Over a bowl of hot soup, Paul shows me the pa­per­work that each De­fin­i­tive Map Mod­i­fi­ca­tion Or­der en­tails. “It does take hours of work, but a lot of the in­for­ma­tion and maps are now on­line. The Na­tional Li­brary of Scotland web­site is par­tic­u­larly use­ful. You don’t need to be spend­ing days in the Na­tional Archives at Kew, in­ter­est­ing as that would be.”

The cam­paign has put pres­sure on un­der-re­sourced lo­cal coun­cils. Hamp­shire’s ex­ec­u­tive mem­ber for ru­ral af­fairs, Ed­ward Heron, pointed out to me that Hamp­shire has seen a rise in ap­pli­ca­tions from five a year to 35. “We ex­pect that these in­creases will con­tinue un­til the clo­sure date of 2026.” The good news is that any ap­pli­ca­tion sub­mit­ted by the 2026 dead­line will, even­tu­ally, go through the le­gal process of as­sess­ment and con­sul­ta­tion.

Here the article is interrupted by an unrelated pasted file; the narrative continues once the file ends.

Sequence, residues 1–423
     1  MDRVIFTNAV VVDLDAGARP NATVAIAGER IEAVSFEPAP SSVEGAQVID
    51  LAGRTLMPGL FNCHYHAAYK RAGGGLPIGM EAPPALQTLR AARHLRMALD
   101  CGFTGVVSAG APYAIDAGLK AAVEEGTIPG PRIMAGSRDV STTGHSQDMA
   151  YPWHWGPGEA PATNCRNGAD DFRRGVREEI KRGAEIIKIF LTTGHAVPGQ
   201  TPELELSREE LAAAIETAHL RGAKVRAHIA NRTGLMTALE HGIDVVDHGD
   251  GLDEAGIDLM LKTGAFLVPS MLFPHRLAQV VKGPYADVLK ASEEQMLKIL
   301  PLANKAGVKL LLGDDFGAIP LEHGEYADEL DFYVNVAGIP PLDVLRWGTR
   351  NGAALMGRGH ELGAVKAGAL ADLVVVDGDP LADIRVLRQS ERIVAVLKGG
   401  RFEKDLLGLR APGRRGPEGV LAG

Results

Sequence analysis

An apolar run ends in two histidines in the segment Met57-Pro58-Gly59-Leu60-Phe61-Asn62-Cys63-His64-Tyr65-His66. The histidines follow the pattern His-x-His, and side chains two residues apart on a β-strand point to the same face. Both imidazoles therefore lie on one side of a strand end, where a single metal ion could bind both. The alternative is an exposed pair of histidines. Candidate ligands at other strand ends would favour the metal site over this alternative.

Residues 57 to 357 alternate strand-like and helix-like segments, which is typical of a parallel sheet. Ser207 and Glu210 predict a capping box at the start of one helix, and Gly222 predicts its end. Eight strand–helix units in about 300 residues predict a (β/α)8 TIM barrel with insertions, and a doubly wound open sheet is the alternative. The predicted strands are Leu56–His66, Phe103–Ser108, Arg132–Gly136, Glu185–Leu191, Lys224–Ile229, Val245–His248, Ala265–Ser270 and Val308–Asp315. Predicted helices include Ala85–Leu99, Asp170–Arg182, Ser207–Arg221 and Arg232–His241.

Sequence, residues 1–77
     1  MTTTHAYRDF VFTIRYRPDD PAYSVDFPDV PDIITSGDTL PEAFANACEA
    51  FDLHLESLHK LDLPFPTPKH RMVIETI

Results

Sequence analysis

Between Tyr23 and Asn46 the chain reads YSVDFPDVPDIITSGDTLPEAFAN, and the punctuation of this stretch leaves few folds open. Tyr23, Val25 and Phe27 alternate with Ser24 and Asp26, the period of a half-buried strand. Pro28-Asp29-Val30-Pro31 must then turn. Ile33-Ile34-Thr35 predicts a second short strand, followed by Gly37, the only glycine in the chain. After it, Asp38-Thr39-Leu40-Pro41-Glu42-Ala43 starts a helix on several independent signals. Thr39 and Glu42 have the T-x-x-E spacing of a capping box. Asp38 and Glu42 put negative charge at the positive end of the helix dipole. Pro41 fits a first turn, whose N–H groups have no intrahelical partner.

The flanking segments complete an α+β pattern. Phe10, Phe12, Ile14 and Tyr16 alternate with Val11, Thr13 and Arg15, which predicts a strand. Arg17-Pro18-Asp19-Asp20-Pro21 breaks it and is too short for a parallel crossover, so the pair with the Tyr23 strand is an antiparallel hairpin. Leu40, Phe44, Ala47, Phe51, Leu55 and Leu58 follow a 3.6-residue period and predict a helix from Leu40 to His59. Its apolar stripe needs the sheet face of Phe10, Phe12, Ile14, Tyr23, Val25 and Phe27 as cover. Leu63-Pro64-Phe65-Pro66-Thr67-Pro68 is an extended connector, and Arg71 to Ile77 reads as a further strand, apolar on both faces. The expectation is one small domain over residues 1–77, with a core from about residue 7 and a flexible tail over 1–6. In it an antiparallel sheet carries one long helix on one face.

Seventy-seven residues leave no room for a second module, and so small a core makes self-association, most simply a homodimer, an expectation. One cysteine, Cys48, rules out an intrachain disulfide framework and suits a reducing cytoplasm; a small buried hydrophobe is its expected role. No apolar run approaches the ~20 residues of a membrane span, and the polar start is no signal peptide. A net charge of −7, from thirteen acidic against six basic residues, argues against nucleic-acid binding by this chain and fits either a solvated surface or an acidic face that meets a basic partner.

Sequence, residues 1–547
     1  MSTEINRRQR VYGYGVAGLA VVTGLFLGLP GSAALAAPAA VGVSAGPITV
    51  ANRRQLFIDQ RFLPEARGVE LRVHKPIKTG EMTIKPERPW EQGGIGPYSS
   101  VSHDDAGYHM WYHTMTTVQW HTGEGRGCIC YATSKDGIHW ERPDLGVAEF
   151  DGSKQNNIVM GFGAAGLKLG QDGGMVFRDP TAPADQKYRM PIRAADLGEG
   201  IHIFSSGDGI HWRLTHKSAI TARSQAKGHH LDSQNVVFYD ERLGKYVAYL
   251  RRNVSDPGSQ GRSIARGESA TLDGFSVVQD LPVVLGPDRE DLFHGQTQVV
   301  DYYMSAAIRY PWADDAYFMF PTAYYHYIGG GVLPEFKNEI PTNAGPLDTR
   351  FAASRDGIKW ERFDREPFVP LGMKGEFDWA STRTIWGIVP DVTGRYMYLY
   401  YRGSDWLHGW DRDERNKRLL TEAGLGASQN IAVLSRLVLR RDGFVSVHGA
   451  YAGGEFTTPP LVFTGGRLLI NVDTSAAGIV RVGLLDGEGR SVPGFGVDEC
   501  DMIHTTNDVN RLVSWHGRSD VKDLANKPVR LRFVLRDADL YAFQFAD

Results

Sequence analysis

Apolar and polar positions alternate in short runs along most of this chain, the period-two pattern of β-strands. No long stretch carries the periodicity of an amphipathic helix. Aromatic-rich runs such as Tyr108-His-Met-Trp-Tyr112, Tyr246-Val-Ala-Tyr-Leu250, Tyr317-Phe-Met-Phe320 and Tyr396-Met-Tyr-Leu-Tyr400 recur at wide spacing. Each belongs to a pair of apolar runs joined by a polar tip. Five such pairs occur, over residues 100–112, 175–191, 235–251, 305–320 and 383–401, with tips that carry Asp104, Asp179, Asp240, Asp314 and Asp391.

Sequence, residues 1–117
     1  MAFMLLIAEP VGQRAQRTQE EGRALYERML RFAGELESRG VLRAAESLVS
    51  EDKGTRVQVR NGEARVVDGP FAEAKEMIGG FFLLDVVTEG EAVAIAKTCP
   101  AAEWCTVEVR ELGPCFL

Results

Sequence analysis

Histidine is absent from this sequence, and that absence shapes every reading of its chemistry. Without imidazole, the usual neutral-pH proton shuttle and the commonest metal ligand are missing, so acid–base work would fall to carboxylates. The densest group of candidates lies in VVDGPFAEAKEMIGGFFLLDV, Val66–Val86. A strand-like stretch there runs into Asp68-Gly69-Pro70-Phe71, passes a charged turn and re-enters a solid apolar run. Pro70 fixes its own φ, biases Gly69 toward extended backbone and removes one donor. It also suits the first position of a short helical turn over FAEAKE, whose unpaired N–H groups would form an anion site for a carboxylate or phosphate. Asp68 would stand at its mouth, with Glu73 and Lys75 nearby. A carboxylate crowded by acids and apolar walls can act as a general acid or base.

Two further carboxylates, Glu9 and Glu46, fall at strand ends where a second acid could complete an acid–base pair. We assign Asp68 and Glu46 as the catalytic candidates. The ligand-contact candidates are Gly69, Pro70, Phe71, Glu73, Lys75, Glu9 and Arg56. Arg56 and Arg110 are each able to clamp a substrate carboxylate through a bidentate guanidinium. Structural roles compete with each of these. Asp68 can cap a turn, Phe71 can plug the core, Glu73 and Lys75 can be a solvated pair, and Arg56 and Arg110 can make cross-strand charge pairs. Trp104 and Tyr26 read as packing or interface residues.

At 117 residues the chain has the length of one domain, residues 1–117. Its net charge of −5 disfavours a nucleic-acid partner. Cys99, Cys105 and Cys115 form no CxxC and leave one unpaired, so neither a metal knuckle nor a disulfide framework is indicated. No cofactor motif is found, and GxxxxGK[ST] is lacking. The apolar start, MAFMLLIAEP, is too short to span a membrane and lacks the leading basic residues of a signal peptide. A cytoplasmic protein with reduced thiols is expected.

Mean­while, How­land is plan­ning more routes. His dif­fi­dent man­ner masks a steely de­ter­mi­na­tion and he clearly likes the el­e­ments of re­search and his­tor­i­cal anal­y­sis. “It’s given me a bet­ter un­der­stand­ing of how the land­scape changes and de­vel­ops.” In the­ory, that re­search could go back to the era of Richard I. His reign, which be­gan on 4 July 1189, is the be­gin­ning of le­gal time. In prac­tice, many rights of way date back to the en­clo­sure acts of 1750 to 1850. Ei­ther way, the sense of a long game be­ing played is pal­pa­ble and How­land knows it.

“A re­stored right of way will usu­ally last for ever.” He smiles. “There aren’t many tasks in life that you can say that about.”

As a walker, I’m used to los­ing my way. It’s a bit alarm­ing to find that paths can get lost, too